13. Whether one agrees with that interpretation or not, one narrative that the market *has* settled comfortably into is the idea of bitcoin as reserve currency where holding is the product-market fit. @cburniske frames that in terms of velocity statistics https://twitter.com/cburniske/status/1038016484944097280
  14. Speaking of bitcoin, @garybasin and @TaylorPearsonMe’s monster bitcoin state of the union has flown massively under the radar. Includes analysis on valuation, technology, regulation, and options on getting exposure. https://hackernoon.com/state-of-bitcoin-fall-2018-9ccddba55e54
  15. In his resent essay, the criminally under-followed @JonathanCheesm4 looks at Bitcoin from a global macro view https://hackernoon.com/why-bitcoin-why-sooner-rather-than-later-e44aa5373479?ref=tokendaily
  16. Within the Bitcoin community, a huge subject of conversation this week was ShapeShift’s announcement of mandatory KYC/AML processes for user. @katherineykwu breaks it down: https://twitter.com/katherineykwu/status/1037315100326158338
  17. One of the orthogonal issues the ShapeShift controversy brought up was questions about Bitcoin’s governance - and the right and wrong way to try to change it. Apropos of that, @willwarren89’s thread on the governance of decentralized networks seems highly relevant: https://twitter.com/willwarren89/status/1037082719543414785
  18. Exploring Bitcoin’s governance specifically, this phenomenal research paper applies the Exit/Voice conception from other corporate governances to Bitcoin and finds that it is, truly, a unique and new type of ecosystem https://stanford-jblp.pubpub.org/pub/hard-forks-bitcoin?ref=tokendaily
  19. Also regarding governance, @DeanEigenmann argues that the analogy of blockchains as companies is false, making the analogy of on-chain governance for decentralized networks to shareholder voting also false. https://medium.com/@decanus/blockchains-are-not-companies-9f8ed7c13018
  20. Then again, what the shit does ‘decentralization’ actually mean? @tayvano_ meta-threads the threads trying to explore it https://twitter.com/tayvano_/status/1037596012817211392
  21. In this essay, @tonysheng argues that we should leave ‘decentralization’ as a Platonic ideal and use more specifically descriptive words, because the lack of specificity makes it “the perfect word for scammers and authoritarians to hide behind” https://www.tonysheng.com/decentralized-definition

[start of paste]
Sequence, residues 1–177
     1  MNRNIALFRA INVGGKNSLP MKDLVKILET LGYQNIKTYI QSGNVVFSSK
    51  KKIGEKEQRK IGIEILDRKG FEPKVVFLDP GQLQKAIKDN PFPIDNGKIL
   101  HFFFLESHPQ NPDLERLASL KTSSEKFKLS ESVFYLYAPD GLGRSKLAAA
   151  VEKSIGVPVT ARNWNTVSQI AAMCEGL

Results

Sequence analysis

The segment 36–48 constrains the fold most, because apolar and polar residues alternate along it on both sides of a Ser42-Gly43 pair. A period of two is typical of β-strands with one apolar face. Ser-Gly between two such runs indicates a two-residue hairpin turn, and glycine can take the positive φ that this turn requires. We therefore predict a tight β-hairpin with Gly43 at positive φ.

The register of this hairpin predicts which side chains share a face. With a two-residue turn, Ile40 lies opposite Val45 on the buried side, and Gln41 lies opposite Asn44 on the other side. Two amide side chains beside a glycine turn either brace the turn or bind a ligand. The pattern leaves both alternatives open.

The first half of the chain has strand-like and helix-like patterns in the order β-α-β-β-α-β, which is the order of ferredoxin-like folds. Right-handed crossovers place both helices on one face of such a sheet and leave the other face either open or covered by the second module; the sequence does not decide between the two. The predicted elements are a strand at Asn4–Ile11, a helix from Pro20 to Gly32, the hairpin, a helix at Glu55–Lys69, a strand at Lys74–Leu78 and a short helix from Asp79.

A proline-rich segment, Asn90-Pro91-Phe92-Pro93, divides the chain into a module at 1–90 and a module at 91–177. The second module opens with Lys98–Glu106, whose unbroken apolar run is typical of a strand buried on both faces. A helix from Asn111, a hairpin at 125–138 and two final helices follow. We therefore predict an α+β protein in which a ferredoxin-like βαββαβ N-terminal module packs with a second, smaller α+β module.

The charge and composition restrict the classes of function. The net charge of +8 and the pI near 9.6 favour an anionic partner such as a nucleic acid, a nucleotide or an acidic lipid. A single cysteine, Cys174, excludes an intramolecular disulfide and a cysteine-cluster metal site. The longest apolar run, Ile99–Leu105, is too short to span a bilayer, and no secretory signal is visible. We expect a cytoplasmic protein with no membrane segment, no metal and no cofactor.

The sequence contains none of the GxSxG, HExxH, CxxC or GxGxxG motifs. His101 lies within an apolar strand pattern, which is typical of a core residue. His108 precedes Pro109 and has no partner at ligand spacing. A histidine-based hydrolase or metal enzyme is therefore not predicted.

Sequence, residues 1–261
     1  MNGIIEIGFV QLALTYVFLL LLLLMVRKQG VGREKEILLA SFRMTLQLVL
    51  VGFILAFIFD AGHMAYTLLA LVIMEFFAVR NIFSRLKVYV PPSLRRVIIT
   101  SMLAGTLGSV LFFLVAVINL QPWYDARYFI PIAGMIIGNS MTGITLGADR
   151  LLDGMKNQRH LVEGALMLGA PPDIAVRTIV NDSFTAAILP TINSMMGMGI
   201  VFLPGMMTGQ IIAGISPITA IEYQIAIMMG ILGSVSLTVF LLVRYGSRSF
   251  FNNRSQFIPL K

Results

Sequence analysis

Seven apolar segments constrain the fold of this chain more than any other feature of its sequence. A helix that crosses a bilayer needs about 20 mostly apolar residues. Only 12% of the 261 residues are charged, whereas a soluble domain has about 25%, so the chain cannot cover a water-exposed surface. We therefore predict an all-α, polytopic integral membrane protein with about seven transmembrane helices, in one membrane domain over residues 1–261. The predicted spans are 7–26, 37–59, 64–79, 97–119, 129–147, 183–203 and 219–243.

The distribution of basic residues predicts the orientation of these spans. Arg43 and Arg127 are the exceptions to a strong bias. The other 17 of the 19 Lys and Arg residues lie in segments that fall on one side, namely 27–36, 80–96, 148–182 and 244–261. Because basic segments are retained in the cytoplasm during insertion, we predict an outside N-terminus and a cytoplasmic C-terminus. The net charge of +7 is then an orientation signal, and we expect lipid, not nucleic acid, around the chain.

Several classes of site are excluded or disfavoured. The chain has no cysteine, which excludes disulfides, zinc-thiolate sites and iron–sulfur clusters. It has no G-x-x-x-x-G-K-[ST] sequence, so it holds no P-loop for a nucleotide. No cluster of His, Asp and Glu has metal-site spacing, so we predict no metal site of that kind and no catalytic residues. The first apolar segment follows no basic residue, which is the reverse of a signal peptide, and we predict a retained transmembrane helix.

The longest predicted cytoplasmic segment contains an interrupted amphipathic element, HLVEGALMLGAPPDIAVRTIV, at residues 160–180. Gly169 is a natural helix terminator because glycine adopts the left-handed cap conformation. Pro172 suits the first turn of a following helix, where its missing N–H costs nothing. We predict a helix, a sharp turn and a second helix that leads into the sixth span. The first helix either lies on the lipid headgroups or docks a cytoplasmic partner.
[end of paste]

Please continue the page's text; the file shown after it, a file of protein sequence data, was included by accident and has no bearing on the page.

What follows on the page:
22. Speaking of essays, if you’re not following @hasufl you’re doing yourself a huge disservice. With a variety of collaborators, he has been churning out some of the most thoughtful pieces of the summer. This somewhat surprising risk assessment of Tether is no exception https://medium.com/@hasufly/tethers-hold-on-bitcoin-s-liquidity-a-risk-assessment-e8a837eebdcb
  23. Speaking of doing yourself a disservice, you’d also be making a huge mistake not to fine tooth comb this tremendous thread on China’s Innovators Dilemma https://twitter.com/kylecyuan/status/1036461380449103872
  24. A concept that has been capturing growing attention is the idea of token curated registries. In their latest @multicoincap research paper @TusharJain_ & @KyleSamani go incredibly deep - finding questions unanswered but also promise https://multicoin.capital/2018/09/05/tcrs-features-and-tradeoffs/
  25. One of the reasons many are excited about crypto networks are the possibilities they present to reimagine how systems are organized and financed. An exciting paper released this week by @glenweyl @zhitzig @VitalikButerin proposes a new approach to public goods https://twitter.com/zhitzig/status/1036978042986528768
  26. Two more essays that very neatly complement one another. @harari_yuval argues that ‘there is nothing inevitable about democracy’ and that, indeed, technology could be a force for concentrating power unless we’re intentional about designing for the opposite. https://www.theatlantic.com/magazine/archive/2018/10/yuval-noah-harari-technology-tyranny/568330/
  27. This is, at heart, why @gavofyork argues that we need a Web 3.0. If not, “it runs the risk of continued corruption and eventual failure, just as medieval feudal systems and Soviet-style communism proved untenable in a world of modern democracies.” https://breakermag.com/why-we-need-web-3-0/
  28. Lastly, because as much as we build and strive for the future, we can never escape that we still must live today, read @stephendpalley’s contemplation on what $195 ETH means and then do as he says: ignore crypto, read Whitman, and come back. https://twitter.com/stephendpalley/status/1038528903889997825

 

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Nathaniel Whittemore

Bitcoin & crypto's most interesting Twitter threads and long-form essays.